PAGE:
Public Inspection  – Exempt Organization Tax Records 

Public Inspection

Tax-exempt organizations must allow timely public inspection of their last three annual information returns and their exemption application or risk steep penalties. Many nonprofits are caught off guard when they receive their first request. Below is a summary of what must be provided and when and what may be withheld.

Documents Exempt Organizations Must Disclose

Specifically, tax-exempt organizations must make the following forms available for public inspection:

In addition, the letter submitted to gain exemption under any paragraph for which no form is prescribed must be disclosed. Finally, any schedules, attachments, or supporting records attached to a return subject to public disclosure must also be made available for public inspection.

Documents Excluded from Disclosure Requirement

A section 501(c)(4) organization is exempt from disclosing information on Form 8976, Notice of Intent to Operate Under Section 501(c)(4). 

Schedule K-1 of Form 1065 and Schedule A of Form 990-BL is not necessary disclosures for exempt organizations. 

Form 1120-POL, U.S. Income Tax Return for Certain Political Organizations, does not require that the organization make its return available.

Further, exempt organizations do not have to share:

  • Portions of Schedule B of Form 990/990-EZ – You don’t have to identify your contributors by name, only the contributions’ amounts and natures.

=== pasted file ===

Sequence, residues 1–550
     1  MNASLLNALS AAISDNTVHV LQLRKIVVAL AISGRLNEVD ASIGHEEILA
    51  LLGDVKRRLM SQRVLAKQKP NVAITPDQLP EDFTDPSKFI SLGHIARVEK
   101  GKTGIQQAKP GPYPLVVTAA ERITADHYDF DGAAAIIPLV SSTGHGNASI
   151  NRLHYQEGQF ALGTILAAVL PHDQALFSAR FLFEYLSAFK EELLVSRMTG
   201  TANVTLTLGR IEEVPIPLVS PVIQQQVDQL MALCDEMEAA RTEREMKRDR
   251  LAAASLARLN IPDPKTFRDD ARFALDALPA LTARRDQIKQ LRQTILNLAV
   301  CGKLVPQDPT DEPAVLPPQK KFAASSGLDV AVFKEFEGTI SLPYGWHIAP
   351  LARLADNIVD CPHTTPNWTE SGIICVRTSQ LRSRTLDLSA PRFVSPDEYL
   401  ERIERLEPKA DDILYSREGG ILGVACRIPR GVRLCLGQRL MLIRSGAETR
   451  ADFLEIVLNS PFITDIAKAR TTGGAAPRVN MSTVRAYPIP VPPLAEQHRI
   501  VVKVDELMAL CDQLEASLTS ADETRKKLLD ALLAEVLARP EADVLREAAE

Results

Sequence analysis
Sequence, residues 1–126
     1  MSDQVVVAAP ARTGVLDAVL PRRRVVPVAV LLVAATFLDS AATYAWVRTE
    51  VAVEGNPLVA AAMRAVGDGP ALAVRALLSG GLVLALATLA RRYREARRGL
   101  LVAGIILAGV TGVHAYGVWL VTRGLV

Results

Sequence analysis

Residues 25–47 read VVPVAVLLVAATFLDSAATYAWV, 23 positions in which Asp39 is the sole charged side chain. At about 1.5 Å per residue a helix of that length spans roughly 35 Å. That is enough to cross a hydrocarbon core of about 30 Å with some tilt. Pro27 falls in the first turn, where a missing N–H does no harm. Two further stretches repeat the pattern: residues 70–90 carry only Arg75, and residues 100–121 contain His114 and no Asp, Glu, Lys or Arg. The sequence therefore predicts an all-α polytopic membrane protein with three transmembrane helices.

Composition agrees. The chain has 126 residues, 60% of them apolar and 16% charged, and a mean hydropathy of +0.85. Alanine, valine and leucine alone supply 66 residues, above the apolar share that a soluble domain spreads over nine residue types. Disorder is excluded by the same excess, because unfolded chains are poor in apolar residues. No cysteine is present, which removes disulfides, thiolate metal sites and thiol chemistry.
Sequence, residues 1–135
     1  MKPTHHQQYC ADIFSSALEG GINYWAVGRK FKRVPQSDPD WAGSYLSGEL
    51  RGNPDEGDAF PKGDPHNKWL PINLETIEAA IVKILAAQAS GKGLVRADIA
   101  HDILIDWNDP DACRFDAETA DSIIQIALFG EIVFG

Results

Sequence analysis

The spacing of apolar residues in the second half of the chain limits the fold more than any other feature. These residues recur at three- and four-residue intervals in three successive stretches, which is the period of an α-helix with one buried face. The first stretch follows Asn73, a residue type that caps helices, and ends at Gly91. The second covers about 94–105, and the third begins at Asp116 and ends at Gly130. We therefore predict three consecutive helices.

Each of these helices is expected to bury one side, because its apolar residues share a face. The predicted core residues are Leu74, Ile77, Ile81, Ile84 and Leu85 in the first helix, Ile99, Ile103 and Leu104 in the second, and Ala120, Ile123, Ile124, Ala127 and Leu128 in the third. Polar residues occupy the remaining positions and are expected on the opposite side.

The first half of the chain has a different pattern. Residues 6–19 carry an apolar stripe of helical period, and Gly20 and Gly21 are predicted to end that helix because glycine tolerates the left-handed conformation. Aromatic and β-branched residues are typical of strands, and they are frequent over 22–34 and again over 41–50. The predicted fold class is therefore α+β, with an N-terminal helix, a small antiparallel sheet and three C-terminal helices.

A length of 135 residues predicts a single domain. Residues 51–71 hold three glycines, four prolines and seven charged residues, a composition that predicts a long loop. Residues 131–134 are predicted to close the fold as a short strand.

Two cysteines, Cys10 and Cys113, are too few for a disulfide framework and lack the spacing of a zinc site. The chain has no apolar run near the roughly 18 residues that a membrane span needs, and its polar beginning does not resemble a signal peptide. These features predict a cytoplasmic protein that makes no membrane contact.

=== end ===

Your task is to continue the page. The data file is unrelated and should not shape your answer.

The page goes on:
• Unfavorable rulings 
  • Certain types of information that the IRS said could be withheld (e.g., trade secrets, patents, processes, styles of work, and national defense material) 
  • Names of contributors on Schedule B of Form 990/990-EZ 

Timely Response to Requests

A response is considered timely if a reply is made the day you are asked for them. If you don’t have an office open during regular hours, you must provide them within two weeks of the request. If someone asks for copies, you have to offer them, but you may charge a reasonable fee to cover the cost of the copies. Most nonprofits provide electronic copies or refer requesters to a website that hosts the information, such as “guidestar” or the IRS select check website.

Penalties for Noncompliance

Organizations can be fined $20 for each day of noncompliance, up to a maximum of $10,000. If the failure to comply was deemed willful, an employee who fails to comply could face a penalty of $5,000 per return or application.

It’s important to remember that these disclosure requirements are the law and must be dealt with promptly. Keeping an electronic disclosure copy with all information that is not required to be disclosed, removed, or redacted and information about where the requested information can be downloaded is the simplest way to manage disclosure requests. 


Ellis Carter is a nonprofit lawyer with Caritas Law Group, P.C., licensed to practice in Washington and Arizona. Ellis advises nonprofit and socially responsible businesses on corporate, tax, and fundraising regulations nationwide, and Ellis also advises donors with regard to significant gifts. To schedule a consultation with Ellis, call 602-456-0071 or email us through our contact form

Share this post

Leave a Comment

Your email address will not be published.

18 + nine =

Scroll to Top
FREE DOWNLOAD

How to Start a Non-Profit Organization

Download our free guide to learn about the many elements needed to run a successful nonprofit organization, as well as how to avoid common pitfalls and mistakes.